After reading Greg's article Using apache flume with HDInsight I wanted to start to learn more about flume, but my Linux skills are none existent and currently flume is not included in HDInsight. For more information on HDInsight see Windows Azure HDInsight. For more information on Apache Flume see Apache Flume.
So, I decided to setup a Windows Azure virtual machine and install HDP 2.0 for windows in order to start to use flume with my HDInsight server. Based on the article I could also use cloudberry drive on my virtual machine to move my twitter data to my storage account that HDInsight could access. Because the data is moved all within the data center no data movement cost would be incurred but there would be storage costs Windows Azure Storage Costs and of course the cost of the virtual machine.
Although I am going to setup a single HDP 2.0 server on a single virtual machine, in the past I had setup a 6 node HDP 1.0 cluster on multiple Windows Azure virtual machine. Here are a couple of suggestions in case you want to do this.
For performance and cost reasons, choose a location or data center and create all of your Windows Azure services within this data center. You can create a storage account in your chosen data center using quick create from the Windows Azure portal. After it is created review the storage configure tab and choose your local or geo replication options. These have cost implications. Also notice that you can turn on and off monitoring for blobs. This allows your monitor tab to be populated with IO information! You can use the same storage account for your HDInsight cluster and virtual machine. They will be placed in different containers. Take a quick look at the containers tab. For more information on Windows Azure storage see Windows Azure Storage. When you create a virtual machine a vhds container will be created which is the location of your virtual machines vhd files. When you create an HDInsight cluster you can also using this existing storage account and create a container here. Below are a couple of screen shots showing creating a storage account and the configure tab. For more information on Windows Azure virtual machines see Windows Azure Virtual Machine.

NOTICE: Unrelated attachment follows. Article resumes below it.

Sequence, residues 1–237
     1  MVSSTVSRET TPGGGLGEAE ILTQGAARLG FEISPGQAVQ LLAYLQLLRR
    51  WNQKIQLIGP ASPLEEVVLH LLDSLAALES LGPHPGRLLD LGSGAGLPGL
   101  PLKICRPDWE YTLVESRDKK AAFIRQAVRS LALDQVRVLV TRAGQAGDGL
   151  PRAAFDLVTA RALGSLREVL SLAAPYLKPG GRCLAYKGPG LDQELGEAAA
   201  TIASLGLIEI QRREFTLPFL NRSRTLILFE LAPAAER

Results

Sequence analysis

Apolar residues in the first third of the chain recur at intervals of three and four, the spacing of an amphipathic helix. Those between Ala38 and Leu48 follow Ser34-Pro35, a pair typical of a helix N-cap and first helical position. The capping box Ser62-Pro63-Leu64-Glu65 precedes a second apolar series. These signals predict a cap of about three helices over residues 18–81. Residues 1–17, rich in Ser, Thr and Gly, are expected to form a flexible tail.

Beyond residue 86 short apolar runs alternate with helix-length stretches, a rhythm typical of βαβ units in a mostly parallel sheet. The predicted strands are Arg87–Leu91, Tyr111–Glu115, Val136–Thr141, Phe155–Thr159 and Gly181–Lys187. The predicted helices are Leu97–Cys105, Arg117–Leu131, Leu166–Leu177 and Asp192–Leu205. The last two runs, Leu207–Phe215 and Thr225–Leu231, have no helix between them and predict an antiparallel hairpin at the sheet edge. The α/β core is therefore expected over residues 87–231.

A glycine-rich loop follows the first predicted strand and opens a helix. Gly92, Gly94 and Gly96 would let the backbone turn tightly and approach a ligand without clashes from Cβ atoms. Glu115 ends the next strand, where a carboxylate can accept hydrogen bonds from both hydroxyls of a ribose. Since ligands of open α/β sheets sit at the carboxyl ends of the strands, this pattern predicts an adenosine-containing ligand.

If you want to install a HDP 2.0 cluster the virtual machines must be able to communicate with each other. You can use either a Windows Azure network (virtual private network) or an Affinity group. I have found the network path to be easier. Below is a screen shot where you are giving a name to your network, an IP address range and the data center location. You will then install all of your virtual machines within this network and they will be able to communicate with each other. If you just want to install a HDP 2.0 single server a network is not necessary and you can skip this step. For more information on Windows Azure Virtual Networks see Windows Azure Virtual Network.
Next you can install your virtual machine. Because I like to configure HDP 2.0 to use SQL Server for the Hive and Oozie metastore instead of Derby, I like to install a virtual machine image that has the Windows 2012 operating system and a SQL Server 2012 standard edition. Instead of choosing quick create, choose from gallery. You can then choose an image with the operating system and SQL Server you want installed. If you are not interested in using SQL Server for your Hive and Oozie metastore and want to use derby, you can choose an image without SQL Server from the gallery. Give your virtual machine a name, choose a size which determines how many CPU's, memory and additional disks your virtual machine gets. A2 (2 cores, 3.5GB) or A3 (4 cores, 7GB) should be fine for a single install of HDP 2.0. If needed after the virtual machine is created you can increase or decrease the size. In choosing to configure your virtual machine leave the cloud service boxes at the default. Choose your data center or network you created before. Choose your storage account you created before. Leave the rest at the defaults. Below are some screen shots showing the steps.